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In ‘Seeing Silence,’ National Geographic Photographer Pete McBride Documents The Changing Auditory Landscape Of The World’s Remotest Places

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Pete McBride
Local photojournalist and National Geographic adventurer Pete McBride created this time-lapse photo of the peaks at Maroon Bells in the Elk Mountains, outside Aspen. The photo, which captures a buzz of air traffic in the night sky, appears in McBride's new book, "Seeing Silence: The Beauty of the World's Most Quiet Places."

In some of the world’s wildest, remotest places, silence can be pin-drop quiet. It can also be incredibly noisy, according to local filmmaker, author and National Geographic photographer Pete McBride.

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Orca whales in northern Norway. McBride spent times photographing the whales alongside a team of researchers during last year's COVID-19 lockdowns, and his observations are part of the book.

“I define silence as not void of sound, but void of mechanical sound,” said McBride. “If you’re immersed in nature — say, a penguin colony that’s all squawking and singing — it can be mind-numbingly loud in a really beautiful way.”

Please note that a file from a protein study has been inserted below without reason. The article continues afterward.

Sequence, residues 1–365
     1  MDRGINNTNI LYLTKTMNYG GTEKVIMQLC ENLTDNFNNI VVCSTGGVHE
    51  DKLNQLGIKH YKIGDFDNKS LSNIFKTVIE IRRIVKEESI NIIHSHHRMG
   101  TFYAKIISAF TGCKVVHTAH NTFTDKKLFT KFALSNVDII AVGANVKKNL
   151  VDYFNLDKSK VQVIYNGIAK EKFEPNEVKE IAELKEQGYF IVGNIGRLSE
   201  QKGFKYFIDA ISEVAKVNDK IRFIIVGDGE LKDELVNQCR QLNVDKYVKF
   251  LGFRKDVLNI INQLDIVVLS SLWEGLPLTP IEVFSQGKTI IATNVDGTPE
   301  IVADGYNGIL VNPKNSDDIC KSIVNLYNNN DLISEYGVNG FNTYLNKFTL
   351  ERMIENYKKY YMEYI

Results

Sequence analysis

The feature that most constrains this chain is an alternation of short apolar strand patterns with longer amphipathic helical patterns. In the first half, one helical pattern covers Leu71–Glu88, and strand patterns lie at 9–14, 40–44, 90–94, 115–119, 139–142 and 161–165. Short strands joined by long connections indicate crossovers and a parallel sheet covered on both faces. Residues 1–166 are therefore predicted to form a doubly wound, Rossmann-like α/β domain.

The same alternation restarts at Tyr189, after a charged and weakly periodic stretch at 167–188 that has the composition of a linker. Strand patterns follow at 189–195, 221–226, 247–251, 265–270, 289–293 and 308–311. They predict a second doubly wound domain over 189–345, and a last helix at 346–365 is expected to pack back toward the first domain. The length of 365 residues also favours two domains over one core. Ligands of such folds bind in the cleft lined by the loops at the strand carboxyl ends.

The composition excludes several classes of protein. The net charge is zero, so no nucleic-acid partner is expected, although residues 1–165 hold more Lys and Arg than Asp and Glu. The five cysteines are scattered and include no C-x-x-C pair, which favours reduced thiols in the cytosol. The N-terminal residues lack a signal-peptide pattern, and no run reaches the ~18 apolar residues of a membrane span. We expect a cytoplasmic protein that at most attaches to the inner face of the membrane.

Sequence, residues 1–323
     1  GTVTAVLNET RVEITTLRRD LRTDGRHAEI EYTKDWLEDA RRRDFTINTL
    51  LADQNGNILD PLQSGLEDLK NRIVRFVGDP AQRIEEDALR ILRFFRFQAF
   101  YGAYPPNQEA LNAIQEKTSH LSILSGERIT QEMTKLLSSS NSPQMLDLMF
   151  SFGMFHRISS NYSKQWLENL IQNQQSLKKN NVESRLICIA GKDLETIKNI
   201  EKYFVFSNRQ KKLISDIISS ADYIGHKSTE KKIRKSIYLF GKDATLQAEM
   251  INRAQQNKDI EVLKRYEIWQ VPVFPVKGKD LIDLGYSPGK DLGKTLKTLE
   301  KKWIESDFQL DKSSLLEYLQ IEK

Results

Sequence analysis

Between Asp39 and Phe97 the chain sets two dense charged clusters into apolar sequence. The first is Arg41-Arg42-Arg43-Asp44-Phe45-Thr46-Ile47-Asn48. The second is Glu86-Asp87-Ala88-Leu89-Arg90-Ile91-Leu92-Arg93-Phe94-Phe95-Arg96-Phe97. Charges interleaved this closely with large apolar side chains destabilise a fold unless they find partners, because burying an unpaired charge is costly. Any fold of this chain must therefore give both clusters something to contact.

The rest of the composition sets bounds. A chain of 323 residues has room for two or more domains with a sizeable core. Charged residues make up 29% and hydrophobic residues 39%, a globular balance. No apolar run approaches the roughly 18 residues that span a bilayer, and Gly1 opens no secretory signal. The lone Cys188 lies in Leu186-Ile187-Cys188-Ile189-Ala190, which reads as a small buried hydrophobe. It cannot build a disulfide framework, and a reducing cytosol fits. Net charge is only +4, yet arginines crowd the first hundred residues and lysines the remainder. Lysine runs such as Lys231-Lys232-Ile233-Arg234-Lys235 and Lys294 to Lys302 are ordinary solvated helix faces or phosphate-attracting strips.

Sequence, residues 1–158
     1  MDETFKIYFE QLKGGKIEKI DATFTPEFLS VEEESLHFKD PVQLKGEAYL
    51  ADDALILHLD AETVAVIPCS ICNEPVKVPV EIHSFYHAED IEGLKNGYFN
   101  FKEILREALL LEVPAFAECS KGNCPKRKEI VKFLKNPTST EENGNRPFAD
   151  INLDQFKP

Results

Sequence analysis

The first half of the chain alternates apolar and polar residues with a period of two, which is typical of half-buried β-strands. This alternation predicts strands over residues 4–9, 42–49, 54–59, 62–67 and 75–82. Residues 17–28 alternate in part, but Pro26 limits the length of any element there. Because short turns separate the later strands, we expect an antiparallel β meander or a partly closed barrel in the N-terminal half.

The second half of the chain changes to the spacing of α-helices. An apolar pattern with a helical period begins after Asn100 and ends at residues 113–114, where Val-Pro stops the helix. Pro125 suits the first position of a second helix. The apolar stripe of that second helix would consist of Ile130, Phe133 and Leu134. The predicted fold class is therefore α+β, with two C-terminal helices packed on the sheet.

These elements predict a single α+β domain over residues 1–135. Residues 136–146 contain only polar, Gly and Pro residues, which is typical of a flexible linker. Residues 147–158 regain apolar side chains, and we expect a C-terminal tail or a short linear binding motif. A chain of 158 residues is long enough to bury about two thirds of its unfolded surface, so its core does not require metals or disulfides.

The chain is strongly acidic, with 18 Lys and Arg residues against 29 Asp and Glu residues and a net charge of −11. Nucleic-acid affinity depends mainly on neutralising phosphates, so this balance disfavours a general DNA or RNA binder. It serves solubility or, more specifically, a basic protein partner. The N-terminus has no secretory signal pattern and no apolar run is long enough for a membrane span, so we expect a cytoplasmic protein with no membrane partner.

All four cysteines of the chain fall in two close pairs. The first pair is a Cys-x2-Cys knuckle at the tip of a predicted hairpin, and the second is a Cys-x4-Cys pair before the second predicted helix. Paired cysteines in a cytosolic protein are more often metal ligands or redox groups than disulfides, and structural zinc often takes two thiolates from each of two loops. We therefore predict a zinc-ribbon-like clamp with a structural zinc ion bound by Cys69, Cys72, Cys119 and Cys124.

That’s the subject of his new book, Seeing Silence: The Beauty of the World’s Most Quiet Places. The book includes a foreword by noted environmentalist Bill McKibben and an essay by adventurer and author Erik Weihenmayer, who was the first blind person to summit Mount Everest. Seeing Silence also chronicles the ways that human noise disrupts some of the wild landscapes that McBride has visited over his 20-year career.

Arts and culture reporter Kirsten Dobroth spoke to McBride about the book, the sounds of silence and the ways that silence is changing in different parts of the world.


Kirsten was born and raised in Massachusetts, and has called Colorado home since 2008. She moved to Vail the day after graduating from the University of Colorado at Boulder in 2011. Before relocating to Basalt in 2020, she also spent a year living in one of Aspen’s sister cities, Queenstown, New Zealand.